She said the vehicle excise tax reform was primarily aimed at equitably raising revenues and discouraging the purchase of automobiles, while the fuel excise tax reform was aimed at supporting climate change mitigation by raising funds for climate-resilient infrastructure to address congestion and reduce the negative impacts of fuel consumption. About 60 percent would be allocated to infrastructure, while 40 percent of fuel excise tax reform revenue would go to a targeted transfer program to help the poor and vulnerable.

Clean Air Asia Transport Program Manager Alvin Mejia presented the results of a study conducted by Clean Air Asia and former International Energy Agency expert Alex Koerner that examined the impact of the DOF’s proposed fuel and vehicle excise tax reform.

According to the study, vehicle excise tax reform has the potential to elicit a 3.2 percent annual fuel economy improvement rate between 2013 and 2020, or average light-duty vehicle fuel economy of about 6.2 Lge/100km by 2020. A higher fuel excise together with a presumed 60 percent increase in the price of crude oil is projected to drive an annual improvement rate of 2.1 percent, resulting in light-duty vehicle fuel economy of about 6.7 Lge/100km by 2020.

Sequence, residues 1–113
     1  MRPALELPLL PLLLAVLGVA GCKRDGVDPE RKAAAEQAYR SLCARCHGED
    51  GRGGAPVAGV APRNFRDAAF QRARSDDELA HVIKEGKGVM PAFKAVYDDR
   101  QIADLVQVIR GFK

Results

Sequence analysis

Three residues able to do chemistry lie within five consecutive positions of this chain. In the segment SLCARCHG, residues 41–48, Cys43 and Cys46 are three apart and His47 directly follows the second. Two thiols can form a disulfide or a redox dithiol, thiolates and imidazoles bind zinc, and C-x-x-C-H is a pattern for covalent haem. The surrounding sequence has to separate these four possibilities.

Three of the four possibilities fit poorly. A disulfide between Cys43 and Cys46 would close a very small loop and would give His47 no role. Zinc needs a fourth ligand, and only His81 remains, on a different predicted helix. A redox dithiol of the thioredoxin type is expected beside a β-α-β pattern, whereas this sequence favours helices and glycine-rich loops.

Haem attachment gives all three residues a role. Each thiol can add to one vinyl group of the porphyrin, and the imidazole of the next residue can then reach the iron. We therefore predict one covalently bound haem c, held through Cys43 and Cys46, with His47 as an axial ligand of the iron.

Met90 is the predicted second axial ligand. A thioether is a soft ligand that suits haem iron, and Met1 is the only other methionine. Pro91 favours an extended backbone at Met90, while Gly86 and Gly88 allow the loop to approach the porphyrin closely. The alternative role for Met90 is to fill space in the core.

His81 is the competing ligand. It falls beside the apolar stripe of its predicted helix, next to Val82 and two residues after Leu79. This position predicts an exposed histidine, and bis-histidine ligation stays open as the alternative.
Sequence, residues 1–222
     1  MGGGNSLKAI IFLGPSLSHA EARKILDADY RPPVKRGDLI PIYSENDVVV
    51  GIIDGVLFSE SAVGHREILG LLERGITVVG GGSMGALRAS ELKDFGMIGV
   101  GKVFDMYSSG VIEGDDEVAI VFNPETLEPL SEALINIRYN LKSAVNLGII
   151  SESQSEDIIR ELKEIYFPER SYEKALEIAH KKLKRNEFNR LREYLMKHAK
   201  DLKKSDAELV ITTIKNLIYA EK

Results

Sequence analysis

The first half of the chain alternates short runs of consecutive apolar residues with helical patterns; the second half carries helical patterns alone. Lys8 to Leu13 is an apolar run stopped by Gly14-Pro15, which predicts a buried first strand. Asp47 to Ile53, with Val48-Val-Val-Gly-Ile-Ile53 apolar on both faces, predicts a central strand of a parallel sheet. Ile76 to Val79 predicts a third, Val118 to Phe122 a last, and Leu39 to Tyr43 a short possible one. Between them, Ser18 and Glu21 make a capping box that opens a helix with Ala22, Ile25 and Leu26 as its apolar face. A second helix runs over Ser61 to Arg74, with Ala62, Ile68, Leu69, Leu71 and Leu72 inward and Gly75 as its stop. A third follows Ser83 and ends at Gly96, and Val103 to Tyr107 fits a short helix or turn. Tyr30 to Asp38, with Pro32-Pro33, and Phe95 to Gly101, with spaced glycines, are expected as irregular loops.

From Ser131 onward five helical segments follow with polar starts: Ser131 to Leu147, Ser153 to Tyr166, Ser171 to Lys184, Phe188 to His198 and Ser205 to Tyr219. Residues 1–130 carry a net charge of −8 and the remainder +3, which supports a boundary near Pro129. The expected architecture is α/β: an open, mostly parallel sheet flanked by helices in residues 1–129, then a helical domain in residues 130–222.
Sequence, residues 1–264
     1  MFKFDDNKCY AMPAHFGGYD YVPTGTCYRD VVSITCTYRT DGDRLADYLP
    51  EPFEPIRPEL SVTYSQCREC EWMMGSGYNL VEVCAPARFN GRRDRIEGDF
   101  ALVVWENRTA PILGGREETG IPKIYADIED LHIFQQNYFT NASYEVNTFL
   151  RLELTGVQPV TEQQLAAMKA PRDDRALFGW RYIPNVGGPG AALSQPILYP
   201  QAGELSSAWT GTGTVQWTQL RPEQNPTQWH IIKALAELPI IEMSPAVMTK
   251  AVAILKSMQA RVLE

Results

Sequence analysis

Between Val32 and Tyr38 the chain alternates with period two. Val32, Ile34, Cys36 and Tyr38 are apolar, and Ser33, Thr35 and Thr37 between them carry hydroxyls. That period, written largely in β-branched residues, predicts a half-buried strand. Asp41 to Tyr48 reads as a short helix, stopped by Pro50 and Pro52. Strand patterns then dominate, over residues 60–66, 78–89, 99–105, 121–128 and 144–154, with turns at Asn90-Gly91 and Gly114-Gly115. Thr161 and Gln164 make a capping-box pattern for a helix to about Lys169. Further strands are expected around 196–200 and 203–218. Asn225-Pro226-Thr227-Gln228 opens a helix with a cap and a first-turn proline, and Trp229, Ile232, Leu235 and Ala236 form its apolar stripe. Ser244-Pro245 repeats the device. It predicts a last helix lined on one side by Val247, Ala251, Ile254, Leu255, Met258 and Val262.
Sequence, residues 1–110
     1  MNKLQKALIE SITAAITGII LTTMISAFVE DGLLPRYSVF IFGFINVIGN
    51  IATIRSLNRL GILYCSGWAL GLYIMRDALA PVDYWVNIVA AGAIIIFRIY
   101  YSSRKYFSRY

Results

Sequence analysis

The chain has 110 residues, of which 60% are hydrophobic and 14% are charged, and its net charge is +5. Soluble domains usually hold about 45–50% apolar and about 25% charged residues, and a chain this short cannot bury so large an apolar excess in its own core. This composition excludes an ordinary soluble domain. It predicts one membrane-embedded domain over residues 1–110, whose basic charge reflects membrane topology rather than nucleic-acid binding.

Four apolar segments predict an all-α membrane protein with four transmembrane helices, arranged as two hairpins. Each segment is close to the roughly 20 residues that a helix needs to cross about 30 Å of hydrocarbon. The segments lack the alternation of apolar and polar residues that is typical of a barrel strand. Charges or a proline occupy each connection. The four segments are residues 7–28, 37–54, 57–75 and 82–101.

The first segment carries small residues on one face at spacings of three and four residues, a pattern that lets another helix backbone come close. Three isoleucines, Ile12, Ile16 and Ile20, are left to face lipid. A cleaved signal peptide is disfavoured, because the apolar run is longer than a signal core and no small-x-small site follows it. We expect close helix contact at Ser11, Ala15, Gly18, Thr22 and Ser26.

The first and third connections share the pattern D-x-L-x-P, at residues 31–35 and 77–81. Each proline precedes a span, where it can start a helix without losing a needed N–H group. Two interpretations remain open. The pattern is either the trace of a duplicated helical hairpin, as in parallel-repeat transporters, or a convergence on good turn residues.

However, since the proposed DOF vehicle excise tax reform does not provide differentiated excise tax based on fuel efficiency, the benefits of having more efficient vehicles would not be maximized. In addition, the tax was based on vehicle prices and did not provide benefits for more efficient vehicles, such as hybrid and electric vehicles.

Mr Mejia also facilitated a panel discussion on the issues surrounding the proposed tax reform, during which Engineer Jean Rosete from the Department of Environment and Natural Resources posited that an age-based vehicle scheme might be worth adopting in the Philippines as public utility buses were predominantly imported secondhand and all public utility jeepney fleets were secondhand. Maria Corazon Japson from the Department of Transportation supported the move, saying that of the public utility vehicles (PUVs), only jeepneys lacked an age limit.